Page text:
A Different Perspective

“WE ARE A WELCOMING COMMUNITY. DURHAM, NH,” is displayed on signs all across the town, in an effort to make people feel that they are in a welcoming, accepting community. For the most part, I would agree that I live in a community that is supportive, welcoming, and respectful of all people. However, there seems to be an exception when it comes to those with different political views.

For us students at ORHS who identify as conservative, Republican, or right-leaning, we often hide our beliefs due to the fear that we won’t feel accepted. Many students who do decide to share their opinions are put in uncomfortable situations and are often stereotyped and called “racists, homophobes, sexists, etc.” when in reality, those are false stereotypes. The Oyster River community needs to do a better job of accepting people of all opinions. The fact that I was even nervous to write this article is an example of how difficult it is to have minority political opinions in this community. Throughout high school, I’ve had to hide many of my opinions because I’ve wanted to fit in, and not feel hated. 

Personally, I’m not that far right leaning. I support the Black Lives Matter movement, the LGBTQ+ community, and I believe in climate change—most of us Republicans do—but when I express support for the Republican party, people assume I don’t have those views. However, when it comes to other political issues such as healthcare, border control, the minimum wage, etc., I tend to have more conservative opinions. When I have had political discussions with people in the school, I often notice that we recognize the same problems, we just have different opinions on how to solve it. These problems are nothing new. An MOR article in 2017 named “The Elephants in the Room,” written by Spencer Clark, harped on similar issues following the 2016 presidential election.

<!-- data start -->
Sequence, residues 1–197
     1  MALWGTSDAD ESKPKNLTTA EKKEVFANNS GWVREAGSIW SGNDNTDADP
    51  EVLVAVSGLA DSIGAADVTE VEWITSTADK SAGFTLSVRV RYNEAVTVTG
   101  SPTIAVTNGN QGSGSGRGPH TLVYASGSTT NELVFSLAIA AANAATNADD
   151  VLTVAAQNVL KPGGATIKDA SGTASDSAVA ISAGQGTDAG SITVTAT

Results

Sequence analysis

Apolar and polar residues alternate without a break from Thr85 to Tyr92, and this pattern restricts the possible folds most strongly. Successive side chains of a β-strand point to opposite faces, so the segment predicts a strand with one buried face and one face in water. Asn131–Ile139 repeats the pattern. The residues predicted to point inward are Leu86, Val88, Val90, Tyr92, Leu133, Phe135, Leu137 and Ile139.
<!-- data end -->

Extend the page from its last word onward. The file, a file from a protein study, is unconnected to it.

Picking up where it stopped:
The basic core values of the Republican Party in the 21st century include lower taxes, free-market capitalism, strong borders, and increased military spending. False stereotypes sometimes shadow these core values. Stereotypes for both the Republican and Democratic parties come from extremists, who are people who are either far right or far left. For example, racism does exist, and there are white supremacists that support the Republican party. Because of this, it sets a bad example for the party and some people associate the entire party with these extremists, which creates the false stereotypes. It is important that we ignore these stereotypes and be open-minded.

Personally, one experience I had during my sophomore year was my breaking point of “I have to hide my opinions.” During spirit week, it was “twin day,” and a few of my classmates (some of which were Democrats) wore “Make American Great Again” hats together. On that day of school, I was punched twice, flipped off multiple times, told to “take that s*** off,” given dirty looks all day, and a girl in my A-period class even started crying because she thought it was a symbol of hate. All this because of a hat that represents politics. This is a direct example of how this community is not welcoming to students with right-leaning views. 

Unfortunately, I’m not the only ORHS student who has experienced this. “I’m a Barrington kid with an older sister who also attended Oyster River High School. She informed me about the strong political views of the community. I learned that I shouldn’t speak about any different ideas because of the automatic harsh judgment I was afraid to have associated with my name,” said Libby Cavanaugh (‘21). Nobody should have to feel that they cannot express themselves because they’re scared of being judged. It’s very difficult to encourage young people to have their own thoughts and opinions if they get judged for having ones that are different from other people. Isn’t that the exact opposite of how we want young people to feel? An important aspect of a public education system is to provide a diversity of ideas and perspectives, while also being challenged to develop one’s ideas.